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FEBA A Bandwidth Allocation Algorithm for Service Differentiation in IEEE 802.16 Mesh Networks

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In wireless mesh networks, the end-to-end throughput of traffic flows depends on the path length, i.e., the higher the number of hops, the lower becomes the throughput. In this paper, a fair end-to-end bandwidth allocation (FEBA) algorithm is introduced to solve this problem. FEBA is implemented at the medium access control (MAC) layer of single-radio, multiple channels IEEE 802.16 mesh nodes, operated in a distributed coordinated scheduling mode. FEBA negotiates bandwidth among neighbors to assign a fair share proportional to a specified weight to each end-to-end traffic flow. This way traffic flows are served in a differentiated manner, with higher priority traffic flows being allocated more bandwidth on the average than the lower priority traffic flows. In fact, a node requests/grants bandwidth from/to its neighbors in a round-robin fashion where the amount of service depends on both the load on its different links and the priority of currently active traffic flows. If multiple channels are available, they are all shared evenly in order to increase the network capacity due to frequency reuse. The performance of FEBA is evaluated by extensive simulations. It is shown that wireless resources are shared fairly among best-effort traffic flows, while multimedia streams are provided with a differentiated service that enables quality of service.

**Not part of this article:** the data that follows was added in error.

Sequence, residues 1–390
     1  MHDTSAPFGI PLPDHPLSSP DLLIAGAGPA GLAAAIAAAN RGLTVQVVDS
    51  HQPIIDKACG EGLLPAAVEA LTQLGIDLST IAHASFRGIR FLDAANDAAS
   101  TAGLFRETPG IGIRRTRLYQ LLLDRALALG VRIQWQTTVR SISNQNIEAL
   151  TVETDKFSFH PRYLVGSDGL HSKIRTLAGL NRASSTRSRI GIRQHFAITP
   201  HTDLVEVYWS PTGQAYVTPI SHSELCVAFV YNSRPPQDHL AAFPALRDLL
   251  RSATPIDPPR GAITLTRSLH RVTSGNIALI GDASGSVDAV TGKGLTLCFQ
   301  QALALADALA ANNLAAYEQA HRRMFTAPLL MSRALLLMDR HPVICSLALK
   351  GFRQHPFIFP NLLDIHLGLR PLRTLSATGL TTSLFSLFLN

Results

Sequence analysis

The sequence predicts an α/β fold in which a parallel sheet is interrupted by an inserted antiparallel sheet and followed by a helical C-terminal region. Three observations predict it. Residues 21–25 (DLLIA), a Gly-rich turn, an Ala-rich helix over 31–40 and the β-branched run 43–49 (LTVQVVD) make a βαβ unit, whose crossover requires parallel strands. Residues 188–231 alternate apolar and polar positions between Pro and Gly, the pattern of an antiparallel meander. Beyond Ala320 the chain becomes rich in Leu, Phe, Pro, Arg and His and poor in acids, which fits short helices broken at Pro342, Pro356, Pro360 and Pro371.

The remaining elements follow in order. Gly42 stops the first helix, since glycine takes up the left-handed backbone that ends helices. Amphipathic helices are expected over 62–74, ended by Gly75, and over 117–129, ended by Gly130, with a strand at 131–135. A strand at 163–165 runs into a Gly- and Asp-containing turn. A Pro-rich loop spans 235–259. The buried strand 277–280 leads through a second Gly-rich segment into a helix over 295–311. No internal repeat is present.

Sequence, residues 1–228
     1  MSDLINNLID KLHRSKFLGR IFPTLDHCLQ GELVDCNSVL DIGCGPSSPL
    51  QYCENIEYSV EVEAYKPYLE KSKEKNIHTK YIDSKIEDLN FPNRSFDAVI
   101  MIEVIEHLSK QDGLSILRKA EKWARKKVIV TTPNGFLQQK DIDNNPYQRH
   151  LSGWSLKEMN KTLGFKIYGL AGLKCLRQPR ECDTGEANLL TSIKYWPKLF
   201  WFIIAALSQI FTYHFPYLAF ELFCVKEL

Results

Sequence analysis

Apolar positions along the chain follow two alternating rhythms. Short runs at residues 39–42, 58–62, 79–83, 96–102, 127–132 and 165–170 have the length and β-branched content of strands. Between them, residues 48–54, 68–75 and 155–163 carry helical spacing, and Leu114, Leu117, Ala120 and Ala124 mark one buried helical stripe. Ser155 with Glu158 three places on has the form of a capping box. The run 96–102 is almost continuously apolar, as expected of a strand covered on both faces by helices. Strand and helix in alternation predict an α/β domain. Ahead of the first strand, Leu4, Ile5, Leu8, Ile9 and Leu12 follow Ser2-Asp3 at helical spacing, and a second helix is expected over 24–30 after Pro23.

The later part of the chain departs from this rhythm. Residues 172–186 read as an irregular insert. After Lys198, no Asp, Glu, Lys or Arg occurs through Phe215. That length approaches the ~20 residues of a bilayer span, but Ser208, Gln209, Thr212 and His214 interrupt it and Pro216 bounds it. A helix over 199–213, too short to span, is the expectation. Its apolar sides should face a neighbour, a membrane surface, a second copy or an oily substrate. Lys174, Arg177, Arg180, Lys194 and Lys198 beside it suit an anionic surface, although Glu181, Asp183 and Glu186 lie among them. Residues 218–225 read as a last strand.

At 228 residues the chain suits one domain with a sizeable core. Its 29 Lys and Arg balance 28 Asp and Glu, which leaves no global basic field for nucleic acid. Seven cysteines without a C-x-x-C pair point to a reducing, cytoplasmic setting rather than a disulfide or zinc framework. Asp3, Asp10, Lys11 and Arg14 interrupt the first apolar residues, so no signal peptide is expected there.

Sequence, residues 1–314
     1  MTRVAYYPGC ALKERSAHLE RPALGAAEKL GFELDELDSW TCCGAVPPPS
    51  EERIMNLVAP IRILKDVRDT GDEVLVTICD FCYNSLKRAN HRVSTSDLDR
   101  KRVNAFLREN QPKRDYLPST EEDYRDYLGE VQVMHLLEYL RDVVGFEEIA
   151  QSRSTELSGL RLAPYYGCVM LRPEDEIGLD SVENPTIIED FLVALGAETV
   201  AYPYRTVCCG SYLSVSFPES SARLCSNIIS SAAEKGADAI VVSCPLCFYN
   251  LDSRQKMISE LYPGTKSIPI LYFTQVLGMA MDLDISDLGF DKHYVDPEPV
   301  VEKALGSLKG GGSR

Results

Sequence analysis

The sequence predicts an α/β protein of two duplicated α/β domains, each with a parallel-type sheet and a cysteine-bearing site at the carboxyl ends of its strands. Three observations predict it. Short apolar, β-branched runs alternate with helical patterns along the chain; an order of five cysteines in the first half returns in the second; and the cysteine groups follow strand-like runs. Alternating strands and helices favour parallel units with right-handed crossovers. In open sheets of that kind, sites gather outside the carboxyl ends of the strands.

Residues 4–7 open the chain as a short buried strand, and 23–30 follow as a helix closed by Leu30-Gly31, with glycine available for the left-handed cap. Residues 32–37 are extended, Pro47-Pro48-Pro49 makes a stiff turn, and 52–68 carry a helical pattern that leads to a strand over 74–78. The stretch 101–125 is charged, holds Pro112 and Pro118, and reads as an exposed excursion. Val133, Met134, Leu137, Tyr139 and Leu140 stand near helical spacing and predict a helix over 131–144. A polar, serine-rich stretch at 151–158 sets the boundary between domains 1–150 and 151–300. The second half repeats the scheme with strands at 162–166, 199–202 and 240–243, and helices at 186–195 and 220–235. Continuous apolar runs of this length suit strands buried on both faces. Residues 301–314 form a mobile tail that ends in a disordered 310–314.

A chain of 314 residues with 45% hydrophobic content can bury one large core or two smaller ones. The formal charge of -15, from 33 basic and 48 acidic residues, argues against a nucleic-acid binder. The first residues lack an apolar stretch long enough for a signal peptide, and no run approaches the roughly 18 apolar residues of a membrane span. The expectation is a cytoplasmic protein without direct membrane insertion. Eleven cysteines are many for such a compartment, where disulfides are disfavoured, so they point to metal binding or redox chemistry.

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Technology

JAVA
Description
In wireless mesh networks, the end-to-end throughput of traffic flows depends on the path length, i.e., the higher the number of hops, the lower becomes the throughput. In this paper, a fair end-to-end bandwidth allocation (FEBA) algorithm is introduced to solve this problem. FEBA is implemented at the medium access control (MAC) layer of single-radio, multiple channels IEEE 802.16 mesh nodes, operated in a distributed coordinated scheduling mode. FEBA negotiates bandwidth among neighbors to assign a fair share proportional to a specified weight to each end-to-end traffic flow. This way traffic flows are served in a differentiated manner, with higher priority traffic flows being allocated more bandwidth on the average than the lower priority traffic flows. In fact, a node requests/grants bandwidth from/to its neighbors in a round-robin fashion where the amount of service depends on both the load on its different links and the priority of currently active traffic flows. If multiple channels are available, they are all shared evenly in order to increase the network capacity due to frequency reuse. The performance of FEBA is evaluated by extensive simulations. It is shown that wireless resources are shared fairly among best-effort traffic flows, while multimedia streams are provided with a differentiated service that enables quality of service.
Description

http://ieeexplore.ieee.org/document/4637904/

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